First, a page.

Chayawanprash is a word I think I finally know how to pronounce after having eaten the ayurvedic jam (that’s basically what it is) off and on for years.
Medicinal jam is the simplest description for the thousands-of-years-old recipe of black-ish paste that in some preparations contains up to 80 different herbs.
I first discovered chayawanprash in one of my super geeky health-food-store-trend scours where I read the fine print on the weirdest looking jars and bars I can find. The huge list of herbs on the label sold me, despite that I couldn’t see inside the container (that jar was plastic). Then, I popped the top and discovered it was black. (So fun.) Better yet, it tasted great.
I liked the jam and took about a tablespoon a day as directed. But, at the time, I didn’t know what I do now about adaptogenic herbs, and the importance of using them consistently (daily) for a long period of time in order to really feel the effects.
Recently, chayawanprash re-entered my life, this time with a much more memorable name: HANAH. (Reminds me of "Her," heh.) One of the most health-aware people I know lead me to the company and I was able to test some of the first ONE on the market. (I even took the travel-sized packets on a hike in Colombia.)
This jam looked similar (black, basically, with tiny, sparkling bits of crystalized honey and creamy ghee) but I could taste the quality difference. And while it’s full of herbs, the ingredients are more focused than the old chaya recipe. They're also very intentional. (See the honey point, below.)
Here, I’m looking at some of the foundational ingredients in the mix. Because exotic is fun, but knowing our basics first is better. If you're more curious about bhakhdi and shalparni than, say, cinnamon, HANAH lists all of ONE's ingredients on their site, along with the herbs' benefits.
Ghee: I go in and out of ghee-eating phases, generally dependent on my vegan strictness. If it’s ethically acceptable for you to eat ghee, it’s definitely good for your health. The clarified butter is pure butter fat, without the water and milk proteins found in typical butter. That means lots of conjugated linoleic acid (CLA), a fatty acid known to be protective against carcinogens, artery plaque and diabetes. CLA may also expedite weight loss. Ghee is also high in butyric acid, a short-chain fatty acid that is great for intestinal cells (gut health!). HANAH’s Ghee, is the best ghee I have ever tasted by a long shot. In the ONE, it’s less pronounced, but provides the good benefit of healthy saturated fat and energy-dense calories. (If you're worried about saturated fat, don't be. There's more info about that in one of my recent newsletters.)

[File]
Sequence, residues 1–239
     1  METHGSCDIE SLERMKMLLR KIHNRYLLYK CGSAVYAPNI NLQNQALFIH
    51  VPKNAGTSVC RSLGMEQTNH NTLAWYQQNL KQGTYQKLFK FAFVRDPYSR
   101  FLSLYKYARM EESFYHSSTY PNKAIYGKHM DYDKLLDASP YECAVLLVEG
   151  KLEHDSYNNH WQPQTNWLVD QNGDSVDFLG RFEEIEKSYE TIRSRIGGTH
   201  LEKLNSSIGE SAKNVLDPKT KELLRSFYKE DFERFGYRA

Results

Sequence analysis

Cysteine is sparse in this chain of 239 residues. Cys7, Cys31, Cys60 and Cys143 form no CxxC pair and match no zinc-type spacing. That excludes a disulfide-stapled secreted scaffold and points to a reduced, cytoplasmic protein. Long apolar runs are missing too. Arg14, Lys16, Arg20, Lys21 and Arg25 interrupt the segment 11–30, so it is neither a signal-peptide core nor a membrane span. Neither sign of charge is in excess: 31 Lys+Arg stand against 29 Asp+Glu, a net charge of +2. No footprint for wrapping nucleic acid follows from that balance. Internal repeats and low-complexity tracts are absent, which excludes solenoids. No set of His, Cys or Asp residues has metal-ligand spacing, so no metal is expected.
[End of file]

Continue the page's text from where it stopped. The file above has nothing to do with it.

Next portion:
Honey: Initially, this turned me off. Enough so that I contemplated not using the ONE anymore. (I eat almost no sugar, so every gram counts.) After a conversation with the team, I learned that the honey makes the herbal benefits more bioavailable and without it, HANAH ONE would be less effective. Bioavailability is something anyone taking supplements or superfoods should be aware of. (We waste a lot of money on vitamins that we can’t absorb.) As a sugar, honey is also relatively low GI and healthy in enough other ways that I can do with a little bit every day. (I do use it on my face …)
Cinnamon: This may be the earliest health culinary+medicinal herb I started using. I grew up loving it on toast or in oatmeal. I moved on to making flaxseed-berry-yogurts full of it, and then started adding it to savory foods as well (goes really well with salt, pepper, and baked squashes!). It’s high in chromium, helps balance blood sugar, and as a kid I watched my diabetic grandpa add a heaping tablespoon to his breakfast every day. Cinnamon is powerful, common, and commonly overlooked. In ONE it strengthens digestion, eliminates many disease-causing fungi and viruses, and clears urinary tract infections.
Ashwagandha: This may be the herb of the year. Ashwagandha is one of the most common herbs I prescribe to clients, and I take it daily in addition to eating the HANAH ONE. (Read more about ashwagandha and other herbs I recommend regularly in this piece for Well+Good.) It’s an adaptogen, which means it helps your body adapt to stress (of all sorts) over time. And, it’s best used daily, for weeks, months, or years. Often benefits are felt later-on, though some can happen immediately. I consider ashwagandha a foundational root that’s generally well tolerated, tastes like toasty oatmeal, is easily grown, and immensely beneficial.
Turmeric: What isn’t turmeric good for? Number one: it’s anti-inflammatory. And, inflammation may be the root of so much more disease than we realize. It's an antioxidant, which basically means "anti-aging" and increases a type of growth hormone that works in our brains, possibly improving depression/mood and preventing neurodegenerative diseases. Note that curcumin (the magic in turmeric) is hugely more bioavailable (absorbable) when combined with black pepper, so add a tiny pinch of pepper to any turmeric or ONE recipes for even more goodness. We can all afford more turmeric in our lives, and the quality/source of HANAH’s is awesome - it's all hand picked in Kerala, India, which also means each batch of HANAH ONE is unique.
How's that for plant medicine?